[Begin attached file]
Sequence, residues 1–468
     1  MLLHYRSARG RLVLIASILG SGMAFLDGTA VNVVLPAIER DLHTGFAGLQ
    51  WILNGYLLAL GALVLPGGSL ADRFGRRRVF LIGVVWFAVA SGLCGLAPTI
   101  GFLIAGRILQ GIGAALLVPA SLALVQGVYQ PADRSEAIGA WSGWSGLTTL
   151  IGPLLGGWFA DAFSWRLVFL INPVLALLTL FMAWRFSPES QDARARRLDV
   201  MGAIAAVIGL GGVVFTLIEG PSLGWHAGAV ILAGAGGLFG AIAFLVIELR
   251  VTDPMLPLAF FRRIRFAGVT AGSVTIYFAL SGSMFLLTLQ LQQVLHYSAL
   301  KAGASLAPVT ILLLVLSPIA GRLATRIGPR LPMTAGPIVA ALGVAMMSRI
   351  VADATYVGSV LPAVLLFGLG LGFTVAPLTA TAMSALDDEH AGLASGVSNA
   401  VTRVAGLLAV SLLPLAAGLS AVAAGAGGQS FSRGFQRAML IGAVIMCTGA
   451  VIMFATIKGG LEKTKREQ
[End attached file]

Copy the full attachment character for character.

Sequence, residues 1–468
     1  MLLHYRSARG RLVLIASILG SGMAFLDGTA VNVVLPAIER DLHTGFAGLQ
    51  WILNGYLLAL GALVLPGGSL ADRFGRRRVF LIGVVWFAVA SGLCGLAPTI
   101  GFLIAGRILQ GIGAALLVPA SLALVQGVYQ PADRSEAIGA WSGWSGLTTL
   151  IGPLLGGWFA DAFSWRLVFL INPVLALLTL FMAWRFSPES QDARARRLDV
   201  MGAIAAVIGL GGVVFTLIEG PSLGWHAGAV ILAGAGGLFG AIAFLVIELR
   251  VTDPMLPLAF FRRIRFAGVT AGSVTIYFAL SGSMFLLTLQ LQQVLHYSAL
   301  KAGASLAPVT ILLLVLSPIA GRLATRIGPR LPMTAGPIVA ALGVAMMSRI
   351  VADATYVGSV LPAVLLFGLG LGFTVAPLTA TAMSALDDEH AGLASGVSNA
   401  VTRVAGLLAV SLLPLAAGLS AVAAGAGGQS FSRGFQRAML IGAVIMCTGA
   451  VIMFATIKGG LEKTKREQ